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CHAPTER
Hidden and limited-space antennas
ONE OF THE MOST SIGNIFICANT IMPEDIMENTS TO AMATEUR RADIO OPERATORS, CB
operators, and shortwave listeners is the space available for their antennas In many thousands of other cases, the limitation is less one of space, but of regulators More and more subdivisions are built with covenants on the deed that prohibit the buyer from installing outdoor antennas Once limited to townhouse developments, where that breed of contemptible vermin (called the Homeowners Committee) routinely intruded on the affairs of people who mistakenly think they own their townhouse (ownership implies right of use, which is limited by the covenants) These onerous covenants are now routinely placed on single-family dwellings as well In fact, it is the single most serious threat to amateur communications people in the country today Other homeowners are no longer angered by the restriction on antennas because their television reception is now carried to them via cable systems in most parts of the country Even where cable is not available, most users can install a moderately sized television antenna in their attic, or use rabbit ears In other cases, the townhouse community will install a single master TV antenna and then distribute signals to each unit The result is that the amateur radio operator, CB operator, and shortwave listener are left to fend for themselves without assistance from neighbors In this chapter we will examine some of the alternatives available to those readers who have either a limited space situation (such as a small city lot), or are unable to move out of a subdivision where there are stupid rules against outdoor antennas The suggestions contained in this chapter are not universal, and indeed the author recommends that you adapt, as well as adopt, these recommendations, and come up with some of your own Creativity within the constraints of the laws of physics governing radio antennas is encouraged
Copyright 2001 - the McGraw-Hill Companies
232 Hidden and limited-space antennas
Hidden antennas
A hidden antenna is one that is either completely shielded from view or disguised as something else Alternatively, you could also include in this category antennas that are in semiopen view, but which are not too obvious (except to the trained and diligent eye) Some people have opted for hidden longwires made of very fine wire (no 26 enameled wire is popular) The user will install the wire in the open, high off of the ground (as in an apartment installation), and operate without anyone knowing the difference One chap used no 22 wire suspended between two 16-story apartment house buildings that were 100 yards apart He had one of the best working longwires in town until a windy day when the whole thing came down No one was injured; but had someone been hurt, there might have been a lawsuit Hidden antennas must be designed with an eye toward causing others no harm It is neither ethical nor smart to place others at risk in enjoying our hobbies The dipole is a popular antenna with both shortwave listeners and amateur radio operators Indeed, for the CB operator who wants to get on the air from an apartment or townhouse (or restricted single-family home), the dipole can represent a respectable alternative As you learned in Chap 6, the dipole is a horizontal wire (or pipe) antenna that is a half-wavelength long and fed in the center (ideally) with 75- coaxial cable In the townhouse dipole, it is possible to build the antenna entirely inside the attic of the building The length of the dipole is given approximately by Lft 468 FMHz [101]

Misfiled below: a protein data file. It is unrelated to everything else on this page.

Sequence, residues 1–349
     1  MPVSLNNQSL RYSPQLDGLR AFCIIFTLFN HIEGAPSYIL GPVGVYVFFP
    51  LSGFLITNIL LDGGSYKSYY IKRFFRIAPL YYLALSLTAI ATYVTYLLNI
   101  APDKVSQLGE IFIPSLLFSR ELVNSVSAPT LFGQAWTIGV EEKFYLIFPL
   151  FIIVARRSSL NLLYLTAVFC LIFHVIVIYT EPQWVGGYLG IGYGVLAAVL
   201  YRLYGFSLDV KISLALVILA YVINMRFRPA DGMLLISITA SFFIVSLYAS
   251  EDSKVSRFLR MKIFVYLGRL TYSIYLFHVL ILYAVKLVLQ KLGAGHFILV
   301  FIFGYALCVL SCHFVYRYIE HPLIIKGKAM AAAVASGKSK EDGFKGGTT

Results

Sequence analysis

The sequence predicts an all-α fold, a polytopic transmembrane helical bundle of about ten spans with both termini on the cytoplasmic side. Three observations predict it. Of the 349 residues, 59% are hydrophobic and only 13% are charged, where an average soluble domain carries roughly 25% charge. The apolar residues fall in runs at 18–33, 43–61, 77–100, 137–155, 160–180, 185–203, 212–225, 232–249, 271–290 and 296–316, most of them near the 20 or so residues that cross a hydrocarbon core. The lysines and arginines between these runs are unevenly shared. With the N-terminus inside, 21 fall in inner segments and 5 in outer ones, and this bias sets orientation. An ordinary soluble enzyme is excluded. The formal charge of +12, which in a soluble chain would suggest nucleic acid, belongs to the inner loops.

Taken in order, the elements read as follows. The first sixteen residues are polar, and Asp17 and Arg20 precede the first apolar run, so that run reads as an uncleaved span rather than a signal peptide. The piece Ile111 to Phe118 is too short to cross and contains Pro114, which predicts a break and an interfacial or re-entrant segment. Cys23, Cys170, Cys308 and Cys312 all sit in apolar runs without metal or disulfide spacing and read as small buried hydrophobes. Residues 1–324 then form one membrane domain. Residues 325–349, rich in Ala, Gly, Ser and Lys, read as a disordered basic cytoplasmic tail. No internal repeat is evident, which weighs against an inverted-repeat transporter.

If you do some quick calculations you will find that antennas for the 10-, 13-, 15-, and (possibly) even 18- and 20-m bands, will fit entirely inside the typical townhouse attic This statement is also true of the 11-m citizen s band antenna: It will fit inside the standard townhouse attic But what about the lower frequency bands Figure 10-1 shows a possible solution to the use of the lower frequencies in the townhouse situation The two quarter-wavelength arms of the dipole are ideally installed in line with each other, as was shown in the chapter on horizontal antennas But in a sticky situation we can also install the dipole with the arms bent to accommodate the space available In this example, only one of many possible methods for accomplishing this job is shown Here each quarter-wavelength section is composed of two legs, AB and CD, respectively Ideally, segments B and C are the longest dimensions Also, if possible, make segments A and D equal lengths Another method is to reverse the direction of one end leg, say for example D, and run it to the other corner of the building over the peak of the roof The author is almost hesitant to offer only one drawing, despite space constraints, in the fear that readers will take the offered pattern as the only authorized version, or solution In reality, you might not be able (for a variety of reasons) to use the exact pattern shown (so ad lib a little bit) How about performance Will the constrained dipole of Fig 10-1 work as well as a regular dipole installed a wavelength or two off the ground and away from objects
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